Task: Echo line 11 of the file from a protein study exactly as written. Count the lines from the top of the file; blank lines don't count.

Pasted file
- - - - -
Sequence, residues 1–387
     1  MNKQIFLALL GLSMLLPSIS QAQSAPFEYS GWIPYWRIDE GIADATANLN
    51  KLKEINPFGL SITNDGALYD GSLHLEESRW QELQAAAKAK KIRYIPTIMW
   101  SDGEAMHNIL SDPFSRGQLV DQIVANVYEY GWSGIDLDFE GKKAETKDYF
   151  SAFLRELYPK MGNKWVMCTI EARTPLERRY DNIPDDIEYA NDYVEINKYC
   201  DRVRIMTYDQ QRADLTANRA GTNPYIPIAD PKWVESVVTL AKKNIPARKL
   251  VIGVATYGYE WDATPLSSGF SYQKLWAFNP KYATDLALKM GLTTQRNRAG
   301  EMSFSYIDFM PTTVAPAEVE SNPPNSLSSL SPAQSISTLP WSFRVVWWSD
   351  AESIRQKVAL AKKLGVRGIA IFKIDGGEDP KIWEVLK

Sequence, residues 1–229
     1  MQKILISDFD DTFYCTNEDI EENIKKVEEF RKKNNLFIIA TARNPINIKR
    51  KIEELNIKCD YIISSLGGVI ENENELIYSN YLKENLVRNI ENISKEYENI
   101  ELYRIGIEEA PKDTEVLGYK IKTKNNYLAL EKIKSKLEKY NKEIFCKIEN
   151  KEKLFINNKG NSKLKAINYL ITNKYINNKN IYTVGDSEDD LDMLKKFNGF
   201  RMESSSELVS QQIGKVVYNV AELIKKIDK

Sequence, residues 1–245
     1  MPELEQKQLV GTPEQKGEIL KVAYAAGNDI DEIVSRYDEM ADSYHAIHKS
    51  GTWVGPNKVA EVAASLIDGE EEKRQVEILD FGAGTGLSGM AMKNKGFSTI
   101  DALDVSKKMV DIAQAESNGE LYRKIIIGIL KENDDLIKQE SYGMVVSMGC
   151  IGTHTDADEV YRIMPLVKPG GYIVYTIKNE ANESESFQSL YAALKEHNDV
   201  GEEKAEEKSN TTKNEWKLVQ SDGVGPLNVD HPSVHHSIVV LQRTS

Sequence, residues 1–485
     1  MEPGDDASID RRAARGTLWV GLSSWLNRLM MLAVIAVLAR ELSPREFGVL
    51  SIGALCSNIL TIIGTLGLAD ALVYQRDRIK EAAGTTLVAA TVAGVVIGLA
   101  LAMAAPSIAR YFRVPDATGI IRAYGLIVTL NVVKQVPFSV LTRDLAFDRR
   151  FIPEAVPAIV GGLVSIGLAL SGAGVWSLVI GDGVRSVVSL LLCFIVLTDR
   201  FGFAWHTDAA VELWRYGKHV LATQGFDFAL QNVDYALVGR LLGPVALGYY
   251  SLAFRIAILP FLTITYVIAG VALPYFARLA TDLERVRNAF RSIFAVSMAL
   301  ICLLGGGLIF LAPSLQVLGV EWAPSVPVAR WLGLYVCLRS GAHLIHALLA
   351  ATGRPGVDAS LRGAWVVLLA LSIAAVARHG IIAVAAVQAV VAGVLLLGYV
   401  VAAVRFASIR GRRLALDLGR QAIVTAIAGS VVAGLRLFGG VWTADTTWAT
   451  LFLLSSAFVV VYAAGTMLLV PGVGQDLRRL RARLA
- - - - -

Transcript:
     1  MQKILISDFD DTFYCTNEDI EENIKKVEEF RKKNNLFIIA TARNPINIKR